I salute you Farhad for your intelligent approach to the health of your child using logic, self-study and research and simple common sense. I fear too many place far too much emphasis on contagious diseases which are short lived and confer lifelong immunity, while completely ignoring the new raging epidemics of Autism, ADD/ADHD, asthma, insulin dependent diabetes, obesity, childhood cancers and much more. We have the sickest generation of children in history and the only answer we get is more chemicals and more drugs. These are diseases and disorders which stick with their victims for life, alter the ability for a normal life, and way too often shorten those lives considerably. I would love to see as much emphasis put on solving these problems by finding the causes, not throwing more drugs at them, than this ridiculous and riligious-like zealotry over vaccines.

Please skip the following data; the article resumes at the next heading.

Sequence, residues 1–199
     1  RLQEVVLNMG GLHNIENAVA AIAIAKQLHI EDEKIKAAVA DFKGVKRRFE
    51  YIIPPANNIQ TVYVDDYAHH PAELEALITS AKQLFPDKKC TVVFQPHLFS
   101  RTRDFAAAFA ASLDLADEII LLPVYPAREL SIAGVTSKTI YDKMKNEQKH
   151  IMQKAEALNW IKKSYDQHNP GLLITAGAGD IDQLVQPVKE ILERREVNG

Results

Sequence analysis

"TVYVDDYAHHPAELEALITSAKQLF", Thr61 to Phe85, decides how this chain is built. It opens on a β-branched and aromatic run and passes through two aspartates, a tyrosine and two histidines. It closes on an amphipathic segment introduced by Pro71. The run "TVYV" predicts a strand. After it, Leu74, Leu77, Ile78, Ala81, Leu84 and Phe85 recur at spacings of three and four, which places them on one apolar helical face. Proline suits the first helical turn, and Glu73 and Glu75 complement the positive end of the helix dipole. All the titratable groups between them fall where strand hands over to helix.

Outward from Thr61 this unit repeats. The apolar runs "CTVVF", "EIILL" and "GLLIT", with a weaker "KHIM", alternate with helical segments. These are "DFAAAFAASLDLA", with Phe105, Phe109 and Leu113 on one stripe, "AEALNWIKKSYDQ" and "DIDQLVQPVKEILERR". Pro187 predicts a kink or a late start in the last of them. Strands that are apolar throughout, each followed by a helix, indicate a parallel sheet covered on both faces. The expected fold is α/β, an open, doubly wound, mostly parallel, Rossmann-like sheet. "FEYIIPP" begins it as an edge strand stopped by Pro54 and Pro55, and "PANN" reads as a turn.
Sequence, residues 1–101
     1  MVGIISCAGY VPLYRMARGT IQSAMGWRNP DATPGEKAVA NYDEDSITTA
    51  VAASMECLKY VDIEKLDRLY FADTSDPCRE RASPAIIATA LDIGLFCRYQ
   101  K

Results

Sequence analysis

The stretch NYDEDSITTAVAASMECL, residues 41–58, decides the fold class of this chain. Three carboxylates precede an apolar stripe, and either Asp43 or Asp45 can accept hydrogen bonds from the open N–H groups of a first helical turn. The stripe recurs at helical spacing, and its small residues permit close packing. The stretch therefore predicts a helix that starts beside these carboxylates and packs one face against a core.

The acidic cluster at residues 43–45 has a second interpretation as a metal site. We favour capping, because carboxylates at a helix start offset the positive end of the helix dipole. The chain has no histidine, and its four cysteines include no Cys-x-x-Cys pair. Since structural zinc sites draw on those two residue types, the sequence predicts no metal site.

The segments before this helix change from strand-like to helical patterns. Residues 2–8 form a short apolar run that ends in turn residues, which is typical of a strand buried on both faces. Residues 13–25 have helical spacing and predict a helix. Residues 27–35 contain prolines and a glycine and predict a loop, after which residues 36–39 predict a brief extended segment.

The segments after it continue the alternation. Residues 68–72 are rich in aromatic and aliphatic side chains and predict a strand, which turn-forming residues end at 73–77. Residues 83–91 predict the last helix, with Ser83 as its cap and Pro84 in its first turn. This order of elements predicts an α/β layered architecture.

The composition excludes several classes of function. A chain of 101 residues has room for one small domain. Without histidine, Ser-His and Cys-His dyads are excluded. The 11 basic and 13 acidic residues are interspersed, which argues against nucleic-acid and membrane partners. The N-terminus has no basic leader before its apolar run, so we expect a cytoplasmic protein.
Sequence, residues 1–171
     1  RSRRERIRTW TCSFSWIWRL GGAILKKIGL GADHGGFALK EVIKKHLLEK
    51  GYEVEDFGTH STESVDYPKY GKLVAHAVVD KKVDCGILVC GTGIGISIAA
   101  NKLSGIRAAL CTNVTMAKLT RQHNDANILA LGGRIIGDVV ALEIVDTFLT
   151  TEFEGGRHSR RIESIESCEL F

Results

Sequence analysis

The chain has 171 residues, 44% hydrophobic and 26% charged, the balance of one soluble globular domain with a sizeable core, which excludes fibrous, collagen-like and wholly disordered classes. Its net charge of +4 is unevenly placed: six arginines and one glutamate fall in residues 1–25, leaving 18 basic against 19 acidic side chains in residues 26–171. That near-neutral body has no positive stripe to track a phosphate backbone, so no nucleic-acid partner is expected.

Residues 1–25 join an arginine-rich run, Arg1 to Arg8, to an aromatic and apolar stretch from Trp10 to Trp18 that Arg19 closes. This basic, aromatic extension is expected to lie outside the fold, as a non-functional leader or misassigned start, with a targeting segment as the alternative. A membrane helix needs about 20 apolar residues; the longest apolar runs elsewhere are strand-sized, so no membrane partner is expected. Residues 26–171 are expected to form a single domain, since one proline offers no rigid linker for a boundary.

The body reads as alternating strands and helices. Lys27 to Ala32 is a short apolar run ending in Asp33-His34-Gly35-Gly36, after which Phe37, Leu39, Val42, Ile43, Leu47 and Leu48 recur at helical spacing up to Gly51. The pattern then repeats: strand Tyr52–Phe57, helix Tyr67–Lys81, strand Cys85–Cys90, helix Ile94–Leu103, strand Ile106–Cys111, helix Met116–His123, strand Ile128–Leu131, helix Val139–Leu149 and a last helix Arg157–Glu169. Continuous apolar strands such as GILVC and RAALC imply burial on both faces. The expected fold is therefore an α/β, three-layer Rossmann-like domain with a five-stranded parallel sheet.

• Kiwismommy has not bother to add a link to her source for the WHO numbers, which is especially problematic since looking up her data, the WHO has different numbers. For Hepatitis B she says it’s 10 years. Here is what WHO actually says: “Protection lasts at least 20 years and is possibly lifelong.” http://www.who.int/mediacentre/factsheets/fs204/en/. For mumps she says 12 years; here is what WHO actually says: “Natural infection with mumps virus is thought to confer lifelong protection.” http://www.who.int/ith/diseases/mumps/en/. For Polio she says unknown; the WHO directs you to the Polio Eradication site, which says “Polio vaccine, given multiple times, almost always protects a child for life.” http://www.polioeradication.org/Polioandprevention.aspx. So her source is either wrong or out of date. And many vaccines confer long term to lifelong immunity. So there is not a reservoir of unvaccinated adults that can spread infection: check your sources on this, Farhad; vaccines confer long term protection, and the reason we do not have widespread epidemics is that most adults were vaccinated are children and are protected. Keep spreading the word and you are undermining the herd immunity your daughter, thanks to your decision, will have to rely on.